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What do I do when my claim for SSD benefits is denied?

When people apply for Social Security disability, the need for financial assistance is often critical. The majority of people do not have substantial savings or other financial resources that can cover the day-to-day costs of living without earning an income. SSD benefits are intended to assist people in this situation, but it is a difficult process and many people's claims for benefits are initially denied. Fortunately, Social Security Disability appeals are possible.

After an initial claim for benefits has been denied, there is an appeals process that applicants can begin. In order to initiate the appeals process, an applicant must first send a signed request for reconsideration to the Social Security Administration. It is very important that the request is complete and correctly filled out because it will be returned to the applicant for revisions if required information is missing or incomplete. An applicant who is appealing a denial can either submit a disability report with the request for reconsideration or wait until the SSA requests that the applicant complete a disability report. The SSA will review the information, along with any other new medical records, to determine whether the definition of disability is met. In this step of the appeals process, a face-to-face review can be requested by the applicant.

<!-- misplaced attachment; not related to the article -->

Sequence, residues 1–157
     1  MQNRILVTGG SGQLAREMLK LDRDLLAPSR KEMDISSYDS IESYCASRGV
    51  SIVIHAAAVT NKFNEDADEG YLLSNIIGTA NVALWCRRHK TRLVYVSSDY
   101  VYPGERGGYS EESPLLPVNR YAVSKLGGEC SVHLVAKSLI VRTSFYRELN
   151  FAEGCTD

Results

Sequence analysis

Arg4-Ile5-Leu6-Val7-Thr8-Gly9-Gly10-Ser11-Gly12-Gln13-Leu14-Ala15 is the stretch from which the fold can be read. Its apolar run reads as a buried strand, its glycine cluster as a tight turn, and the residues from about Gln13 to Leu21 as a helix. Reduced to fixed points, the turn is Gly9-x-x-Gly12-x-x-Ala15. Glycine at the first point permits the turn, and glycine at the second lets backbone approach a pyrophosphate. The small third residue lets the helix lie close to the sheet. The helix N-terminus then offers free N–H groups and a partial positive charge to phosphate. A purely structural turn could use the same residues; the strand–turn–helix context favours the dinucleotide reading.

If the claim is denied again during the reconsideration process, the applicant for SSD benefits can request a hearing in front of a Social Security judge. Again, this step requires a formal Request for Hearing and an Appeal Disability Report. An appellant should complete these required forms online and submit them electronically. Upon request, a judge will meet with the applicant and any representative of the applicant and will then make a decision on the case.

The final two possible steps of the appeals process are an Appeals Council Review and a District Court Case. The Request for Review of Decision of Administrative Law Judge is a paper-based form that must be completed and sent to the local Social Security office. There is no option for a face-to-face meeting or hearing at this stage. If an appellant wishes to proceed until the final stage, a District Court Case, he or she will be required to have an attorney. This step involves filing a case in District Court against Social Security. At this stage, the case is reviewed not by Social Security but by a district court judge.

Source: Social Security Administration, "Disability Appeal: How the disability Appeals Process works," last accessed Jan. 6, 2015

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